On paper, it wasn't even a fair fight.
Dunedin entered Wednesday's game against Tampa riding a five-game winning streak and boasting a Florida State League-best 20-5 record. The Blue Jays had outscored opponents by an almost 2-1 margin (120-61) and had one of the Minor Leagues' hottest pitchers making his Class A Advanced debut.
Tampa countered with a pitcher who'd given up 21 runs in four games and had the third-worst ERA among the 51 FSL hurlers who logged enough innings to qualify.
That's why baseball isn't played on paper.
Brett Gerritse allowed two hits and two walks over six innings, helping the Yankees blank the Blue Jays, 6-0, at Steinbrenner Field.
"You never look at those things," Gerritse said of Dunedin's record. "You just go after guys.
"A little struggle in the first couple innings, but I managed to get the ball down a little more and let my defense work. It was good."
The 23-year-old right-hander worked out of a bases-loaded jam in the top of the first but faced just batter over the minimum over the next five innings. He attributed his success to pitching to contact and trusting his infielders to back him up.
"It was huge," Gerritse said of escaping the first inning unharmed, "especially coming off the struggles in the past couple outings.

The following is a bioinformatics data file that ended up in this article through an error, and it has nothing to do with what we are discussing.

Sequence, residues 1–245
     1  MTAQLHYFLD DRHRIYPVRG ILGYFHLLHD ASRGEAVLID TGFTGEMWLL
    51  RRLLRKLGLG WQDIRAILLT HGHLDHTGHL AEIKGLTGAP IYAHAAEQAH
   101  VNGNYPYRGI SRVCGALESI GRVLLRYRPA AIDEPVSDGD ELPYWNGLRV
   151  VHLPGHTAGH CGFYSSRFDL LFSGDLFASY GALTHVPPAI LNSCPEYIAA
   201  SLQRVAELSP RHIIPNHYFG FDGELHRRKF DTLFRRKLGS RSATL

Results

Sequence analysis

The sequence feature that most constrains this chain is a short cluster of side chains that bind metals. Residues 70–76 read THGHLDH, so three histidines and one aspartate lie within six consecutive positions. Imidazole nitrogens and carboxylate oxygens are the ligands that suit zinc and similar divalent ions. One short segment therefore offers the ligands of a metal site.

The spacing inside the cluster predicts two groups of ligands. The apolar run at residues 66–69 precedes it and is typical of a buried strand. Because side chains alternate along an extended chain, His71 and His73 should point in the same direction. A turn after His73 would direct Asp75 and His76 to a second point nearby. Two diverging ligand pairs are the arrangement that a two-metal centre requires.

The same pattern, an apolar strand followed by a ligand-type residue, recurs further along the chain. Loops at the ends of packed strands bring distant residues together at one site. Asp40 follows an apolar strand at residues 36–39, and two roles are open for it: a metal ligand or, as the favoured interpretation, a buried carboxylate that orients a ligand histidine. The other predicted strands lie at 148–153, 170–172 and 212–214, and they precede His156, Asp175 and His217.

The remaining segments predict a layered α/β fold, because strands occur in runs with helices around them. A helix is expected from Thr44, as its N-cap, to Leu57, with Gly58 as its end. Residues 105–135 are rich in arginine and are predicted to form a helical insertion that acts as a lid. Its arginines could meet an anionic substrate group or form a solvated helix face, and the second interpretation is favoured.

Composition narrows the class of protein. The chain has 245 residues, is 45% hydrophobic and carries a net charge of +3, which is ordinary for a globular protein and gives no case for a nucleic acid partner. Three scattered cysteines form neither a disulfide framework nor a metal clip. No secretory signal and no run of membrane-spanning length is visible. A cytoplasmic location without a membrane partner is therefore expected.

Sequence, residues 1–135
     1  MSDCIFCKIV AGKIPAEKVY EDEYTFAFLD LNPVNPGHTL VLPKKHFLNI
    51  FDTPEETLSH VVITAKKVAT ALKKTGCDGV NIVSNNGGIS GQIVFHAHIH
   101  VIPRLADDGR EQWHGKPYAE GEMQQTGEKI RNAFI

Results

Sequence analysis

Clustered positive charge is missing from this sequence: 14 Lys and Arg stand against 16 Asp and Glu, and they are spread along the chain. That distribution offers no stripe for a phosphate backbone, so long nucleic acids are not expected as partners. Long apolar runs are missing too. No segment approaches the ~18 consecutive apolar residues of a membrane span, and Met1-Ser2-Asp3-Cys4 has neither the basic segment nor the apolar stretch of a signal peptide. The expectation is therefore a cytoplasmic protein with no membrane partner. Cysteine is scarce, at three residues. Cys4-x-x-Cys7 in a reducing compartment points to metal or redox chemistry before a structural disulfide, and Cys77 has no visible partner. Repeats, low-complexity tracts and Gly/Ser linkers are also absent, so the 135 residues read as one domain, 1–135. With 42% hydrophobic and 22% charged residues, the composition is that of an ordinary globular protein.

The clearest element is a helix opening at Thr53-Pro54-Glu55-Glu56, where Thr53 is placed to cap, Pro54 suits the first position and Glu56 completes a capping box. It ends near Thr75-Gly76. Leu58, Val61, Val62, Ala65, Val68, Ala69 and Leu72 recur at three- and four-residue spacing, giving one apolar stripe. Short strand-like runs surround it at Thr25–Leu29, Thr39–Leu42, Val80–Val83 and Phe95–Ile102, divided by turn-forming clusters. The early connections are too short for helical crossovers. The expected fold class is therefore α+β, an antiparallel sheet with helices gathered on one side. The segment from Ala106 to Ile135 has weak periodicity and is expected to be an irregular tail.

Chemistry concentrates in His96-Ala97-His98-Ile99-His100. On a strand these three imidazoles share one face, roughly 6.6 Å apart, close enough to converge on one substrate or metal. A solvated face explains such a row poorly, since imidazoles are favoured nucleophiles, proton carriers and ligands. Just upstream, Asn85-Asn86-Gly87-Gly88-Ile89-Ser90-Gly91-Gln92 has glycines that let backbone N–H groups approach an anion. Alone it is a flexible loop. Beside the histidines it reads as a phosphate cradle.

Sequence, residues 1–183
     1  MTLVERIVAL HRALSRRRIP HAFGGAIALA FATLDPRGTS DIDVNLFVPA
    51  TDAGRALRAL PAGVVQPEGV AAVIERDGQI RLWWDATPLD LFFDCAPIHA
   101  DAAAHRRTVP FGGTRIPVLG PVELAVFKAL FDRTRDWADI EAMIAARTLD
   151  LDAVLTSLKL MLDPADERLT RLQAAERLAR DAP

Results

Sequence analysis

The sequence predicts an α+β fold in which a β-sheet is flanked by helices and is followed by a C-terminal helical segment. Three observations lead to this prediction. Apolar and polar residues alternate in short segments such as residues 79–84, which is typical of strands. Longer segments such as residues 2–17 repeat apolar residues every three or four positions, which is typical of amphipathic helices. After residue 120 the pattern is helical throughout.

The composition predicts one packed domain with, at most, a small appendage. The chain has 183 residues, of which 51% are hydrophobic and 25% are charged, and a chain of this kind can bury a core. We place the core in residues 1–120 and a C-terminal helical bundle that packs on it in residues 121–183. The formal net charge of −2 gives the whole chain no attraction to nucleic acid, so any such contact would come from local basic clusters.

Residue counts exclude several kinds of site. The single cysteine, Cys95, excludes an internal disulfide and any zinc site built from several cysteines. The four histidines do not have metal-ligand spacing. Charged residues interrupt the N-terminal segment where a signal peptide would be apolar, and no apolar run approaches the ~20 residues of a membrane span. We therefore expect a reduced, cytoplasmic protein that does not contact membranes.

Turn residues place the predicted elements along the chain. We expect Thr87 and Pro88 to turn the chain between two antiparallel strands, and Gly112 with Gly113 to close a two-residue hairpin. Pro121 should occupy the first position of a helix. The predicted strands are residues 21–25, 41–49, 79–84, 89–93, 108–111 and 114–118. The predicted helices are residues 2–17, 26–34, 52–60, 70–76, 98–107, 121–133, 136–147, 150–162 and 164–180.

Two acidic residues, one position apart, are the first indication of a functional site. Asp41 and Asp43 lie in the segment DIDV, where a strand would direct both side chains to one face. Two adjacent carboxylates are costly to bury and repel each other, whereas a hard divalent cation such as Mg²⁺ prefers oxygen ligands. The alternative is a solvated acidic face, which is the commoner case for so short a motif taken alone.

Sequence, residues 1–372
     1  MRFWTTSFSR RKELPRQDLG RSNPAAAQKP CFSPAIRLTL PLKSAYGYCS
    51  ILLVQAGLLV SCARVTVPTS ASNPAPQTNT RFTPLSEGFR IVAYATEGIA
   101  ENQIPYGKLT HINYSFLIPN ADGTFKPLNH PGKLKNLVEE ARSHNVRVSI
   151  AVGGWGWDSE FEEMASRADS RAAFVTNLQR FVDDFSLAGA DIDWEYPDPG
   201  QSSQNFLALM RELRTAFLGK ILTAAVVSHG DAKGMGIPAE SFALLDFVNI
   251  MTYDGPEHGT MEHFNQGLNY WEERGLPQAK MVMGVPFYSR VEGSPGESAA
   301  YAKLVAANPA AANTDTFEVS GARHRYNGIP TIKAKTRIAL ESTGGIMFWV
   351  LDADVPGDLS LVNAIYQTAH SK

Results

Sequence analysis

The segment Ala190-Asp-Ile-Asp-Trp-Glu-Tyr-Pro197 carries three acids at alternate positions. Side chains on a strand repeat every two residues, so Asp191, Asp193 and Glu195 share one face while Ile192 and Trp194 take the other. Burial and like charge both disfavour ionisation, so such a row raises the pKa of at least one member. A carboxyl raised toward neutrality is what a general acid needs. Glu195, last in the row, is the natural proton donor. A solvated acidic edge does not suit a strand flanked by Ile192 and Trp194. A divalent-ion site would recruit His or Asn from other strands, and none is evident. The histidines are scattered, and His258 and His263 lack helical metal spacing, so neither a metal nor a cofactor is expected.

"[Second baseman] Angelo Gumbs was great tonight. He probably got seven or eight ground balls and made a few great plays. [Third baseman] Dante Bichette Jr., the same thing. Zach Wilson was great at first base, too."
Selected by the Yankees in the 12th round of the 2009 Draft, Gerritse had been struggling. He entered Wednesday with a 7.41 ERA, having allowed a homer in each of his first four starts. Opponents were batting .390 against the right-hander, who wrapped up his first month in the FSL after repeating the Class A South Atlantic League in 2013.
"I'm not pressing quite as much, I'm just trying to get early contact and quick outs and let my defense do what it does best," said Gerritse, who did not register a strikeout for the first time in 35 career starts. "You always try to pitch to contact; strikeouts are just a bonus.
"Every level is a pretty decent jump, but I've played against them, so I know them. I've seen some of these hitters for two or three years. It was quite a humbling thing to go back [to the SAL]. It was [the Yankees'] decision, but it wasn't a big deal."
Phil Wetherell relieved Gerritste and struck out two batters in a perfect seventh before Tyler Webb set down the final six batters to seal the Yankees' second shutout of the season. Webb has retired 19 consecutive hitters, dating back to April 19.
Blue Jays starter Kendall Graveman (0-1) allowed four runs -- two earned -- on eight hits and a walk while striking out three over four innings. The 23-year-old right-hander was 2-0 with a Midwest League-leading 0.34 ERA in four starts before he was promoted to Dunedin.